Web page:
Rather than focusing on repetition and compliance, today’s knowledge workers learn best through practice, experimentation and feedback in job simulations that increase in diversity and complexity as they gain more sophisticated skills. This is how the most successful video games work: as the player gains more skill and experience, the games gets more challenging. Maintaining that moving sweet spot is part of a good design—if the game is too easy, players get bored; if it’s too hard, players give up. Similar to well-designed games, successful learning programs and technologies provide simulation opportunities for learners to practice real-life situations in safe environments, with coaches at hand to give them feedback and tips for further development. The evolution of this job-simulation learning technology is realized when the interaction is with real people, like today’s online gaming, versus a computer-generated persona.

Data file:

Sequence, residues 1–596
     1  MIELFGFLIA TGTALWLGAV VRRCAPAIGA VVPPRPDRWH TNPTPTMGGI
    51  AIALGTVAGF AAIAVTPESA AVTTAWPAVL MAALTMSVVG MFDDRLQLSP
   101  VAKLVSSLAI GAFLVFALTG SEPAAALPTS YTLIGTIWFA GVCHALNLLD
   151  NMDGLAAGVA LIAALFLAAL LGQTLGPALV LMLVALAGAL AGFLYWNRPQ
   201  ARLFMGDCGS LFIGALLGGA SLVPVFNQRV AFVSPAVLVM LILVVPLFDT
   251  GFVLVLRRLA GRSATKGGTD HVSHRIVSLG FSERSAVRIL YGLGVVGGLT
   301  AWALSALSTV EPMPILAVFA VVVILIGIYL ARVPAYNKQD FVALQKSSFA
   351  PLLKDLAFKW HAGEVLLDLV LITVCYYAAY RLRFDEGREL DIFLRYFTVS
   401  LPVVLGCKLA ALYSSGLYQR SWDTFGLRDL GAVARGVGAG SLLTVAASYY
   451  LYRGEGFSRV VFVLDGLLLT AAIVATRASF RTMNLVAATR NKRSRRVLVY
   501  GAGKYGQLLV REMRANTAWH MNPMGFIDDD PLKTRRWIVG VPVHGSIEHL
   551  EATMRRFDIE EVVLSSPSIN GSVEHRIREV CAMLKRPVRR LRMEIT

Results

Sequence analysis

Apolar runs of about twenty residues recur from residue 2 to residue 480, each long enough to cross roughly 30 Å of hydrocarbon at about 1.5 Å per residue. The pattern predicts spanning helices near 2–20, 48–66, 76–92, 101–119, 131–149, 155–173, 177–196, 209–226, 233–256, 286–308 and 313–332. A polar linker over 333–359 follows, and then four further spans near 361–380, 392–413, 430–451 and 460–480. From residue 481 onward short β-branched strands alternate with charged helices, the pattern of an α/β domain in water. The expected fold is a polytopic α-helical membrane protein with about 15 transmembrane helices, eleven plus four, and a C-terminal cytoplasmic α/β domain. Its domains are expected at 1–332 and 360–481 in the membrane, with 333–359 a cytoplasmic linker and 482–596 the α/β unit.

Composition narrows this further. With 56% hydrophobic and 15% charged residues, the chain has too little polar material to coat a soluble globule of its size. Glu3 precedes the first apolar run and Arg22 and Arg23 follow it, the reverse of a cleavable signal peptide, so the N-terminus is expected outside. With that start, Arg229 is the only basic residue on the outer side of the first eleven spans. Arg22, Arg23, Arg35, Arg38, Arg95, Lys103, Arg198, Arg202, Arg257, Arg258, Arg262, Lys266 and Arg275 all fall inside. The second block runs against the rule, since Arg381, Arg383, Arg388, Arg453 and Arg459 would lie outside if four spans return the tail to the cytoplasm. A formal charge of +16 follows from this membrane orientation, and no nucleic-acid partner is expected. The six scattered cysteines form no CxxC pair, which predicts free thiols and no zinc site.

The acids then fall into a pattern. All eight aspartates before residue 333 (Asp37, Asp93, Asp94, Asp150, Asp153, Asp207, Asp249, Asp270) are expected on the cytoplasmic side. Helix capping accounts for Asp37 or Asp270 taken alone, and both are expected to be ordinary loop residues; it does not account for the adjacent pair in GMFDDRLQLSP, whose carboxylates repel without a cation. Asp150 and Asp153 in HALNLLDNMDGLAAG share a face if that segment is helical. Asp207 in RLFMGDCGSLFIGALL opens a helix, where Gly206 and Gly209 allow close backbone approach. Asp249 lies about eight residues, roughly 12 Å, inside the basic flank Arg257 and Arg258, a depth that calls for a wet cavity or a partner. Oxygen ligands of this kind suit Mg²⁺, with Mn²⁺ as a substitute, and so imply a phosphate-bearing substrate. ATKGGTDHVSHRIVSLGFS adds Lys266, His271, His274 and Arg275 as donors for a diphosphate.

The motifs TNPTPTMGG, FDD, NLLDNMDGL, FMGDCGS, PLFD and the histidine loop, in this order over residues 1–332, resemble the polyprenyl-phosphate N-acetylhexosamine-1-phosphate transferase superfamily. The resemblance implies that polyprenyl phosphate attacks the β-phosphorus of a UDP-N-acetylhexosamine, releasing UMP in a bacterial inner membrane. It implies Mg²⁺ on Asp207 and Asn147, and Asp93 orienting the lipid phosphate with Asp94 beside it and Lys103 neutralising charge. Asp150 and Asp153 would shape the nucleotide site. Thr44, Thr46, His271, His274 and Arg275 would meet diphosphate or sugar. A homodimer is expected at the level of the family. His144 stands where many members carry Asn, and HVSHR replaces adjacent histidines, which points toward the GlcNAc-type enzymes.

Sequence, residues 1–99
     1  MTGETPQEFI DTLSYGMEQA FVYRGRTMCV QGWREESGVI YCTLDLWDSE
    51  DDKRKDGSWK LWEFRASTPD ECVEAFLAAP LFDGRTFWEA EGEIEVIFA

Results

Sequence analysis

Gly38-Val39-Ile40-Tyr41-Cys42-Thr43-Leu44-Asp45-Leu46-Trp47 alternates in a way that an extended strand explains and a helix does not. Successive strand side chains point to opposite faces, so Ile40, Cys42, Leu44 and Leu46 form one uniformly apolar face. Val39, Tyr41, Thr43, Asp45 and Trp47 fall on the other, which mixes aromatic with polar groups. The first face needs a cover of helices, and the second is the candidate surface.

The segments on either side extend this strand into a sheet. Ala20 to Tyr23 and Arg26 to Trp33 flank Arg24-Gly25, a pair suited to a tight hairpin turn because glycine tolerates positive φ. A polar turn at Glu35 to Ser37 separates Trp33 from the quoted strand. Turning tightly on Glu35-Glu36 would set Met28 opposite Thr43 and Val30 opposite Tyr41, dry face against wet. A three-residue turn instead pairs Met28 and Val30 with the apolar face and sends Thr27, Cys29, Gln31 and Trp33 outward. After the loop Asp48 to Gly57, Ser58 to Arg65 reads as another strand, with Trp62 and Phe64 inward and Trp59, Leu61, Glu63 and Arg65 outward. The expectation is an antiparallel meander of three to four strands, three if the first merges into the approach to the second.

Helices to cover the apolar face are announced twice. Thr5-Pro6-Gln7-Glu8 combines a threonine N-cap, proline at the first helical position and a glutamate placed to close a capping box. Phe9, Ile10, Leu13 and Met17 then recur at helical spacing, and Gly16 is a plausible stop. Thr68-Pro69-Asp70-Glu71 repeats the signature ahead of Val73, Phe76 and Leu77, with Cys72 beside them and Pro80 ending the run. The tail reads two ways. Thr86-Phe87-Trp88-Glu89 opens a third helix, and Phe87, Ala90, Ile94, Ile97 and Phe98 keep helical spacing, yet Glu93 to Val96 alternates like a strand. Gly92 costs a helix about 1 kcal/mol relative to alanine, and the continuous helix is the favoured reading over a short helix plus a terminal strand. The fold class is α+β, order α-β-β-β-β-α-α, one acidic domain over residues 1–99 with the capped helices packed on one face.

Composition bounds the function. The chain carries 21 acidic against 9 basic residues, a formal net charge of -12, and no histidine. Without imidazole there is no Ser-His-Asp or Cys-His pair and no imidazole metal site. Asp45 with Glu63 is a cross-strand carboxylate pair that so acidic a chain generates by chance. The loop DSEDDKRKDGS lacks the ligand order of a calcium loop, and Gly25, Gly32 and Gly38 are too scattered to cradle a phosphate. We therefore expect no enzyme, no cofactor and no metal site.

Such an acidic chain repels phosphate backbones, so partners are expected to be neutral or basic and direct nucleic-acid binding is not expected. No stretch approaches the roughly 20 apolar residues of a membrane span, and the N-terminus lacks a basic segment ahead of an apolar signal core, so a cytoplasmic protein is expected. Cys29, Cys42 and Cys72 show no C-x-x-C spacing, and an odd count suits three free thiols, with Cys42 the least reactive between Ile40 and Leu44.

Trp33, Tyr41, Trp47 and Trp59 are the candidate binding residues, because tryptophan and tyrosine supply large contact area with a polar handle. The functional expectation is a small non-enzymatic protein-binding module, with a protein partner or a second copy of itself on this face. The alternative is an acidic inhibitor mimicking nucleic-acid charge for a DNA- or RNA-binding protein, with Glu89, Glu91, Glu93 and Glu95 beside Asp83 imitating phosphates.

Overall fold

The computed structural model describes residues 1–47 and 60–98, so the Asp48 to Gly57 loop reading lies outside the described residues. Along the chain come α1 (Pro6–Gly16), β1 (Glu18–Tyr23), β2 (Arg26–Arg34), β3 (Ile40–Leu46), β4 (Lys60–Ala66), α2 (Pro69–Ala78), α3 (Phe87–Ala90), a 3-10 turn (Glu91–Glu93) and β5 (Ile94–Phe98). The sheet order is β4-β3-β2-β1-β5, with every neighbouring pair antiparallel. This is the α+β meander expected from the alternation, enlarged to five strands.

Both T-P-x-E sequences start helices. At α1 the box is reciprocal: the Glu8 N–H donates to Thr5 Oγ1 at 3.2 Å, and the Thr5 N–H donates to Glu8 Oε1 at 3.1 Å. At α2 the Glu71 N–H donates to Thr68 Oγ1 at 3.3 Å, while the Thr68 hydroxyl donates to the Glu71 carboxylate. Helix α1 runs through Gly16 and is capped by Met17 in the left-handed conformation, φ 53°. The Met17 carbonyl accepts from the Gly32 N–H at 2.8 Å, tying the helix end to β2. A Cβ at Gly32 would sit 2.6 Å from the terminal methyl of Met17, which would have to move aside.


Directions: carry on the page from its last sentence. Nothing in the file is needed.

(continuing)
For example, contact center associates are better prepared for real-world success when they practice live call simulations with their peers, trainers, team leaders, or the client management team. These simulated calls are more than standard role plays. They are “real plays,” where interaction types are randomized, learners speak with people they don’t know, their calls are recorded and scored, and they receive learner-specific coaching and development from trainers, team leaders, and quality specialists. By the time the training is complete, the learner has handled hundreds of calls based on top call drivers and received daily coaching sessions with performance feedback. Additionally, a subset of the calls are evaluated by management staff, giving valuable feedback that the learner can use for improvement. This means that the job-simulation learning technology is driving the best habits and behaviors early on in the training and giving learners a powerful voice to speak with their peers about ideas and information that might otherwise be lost or forgotten.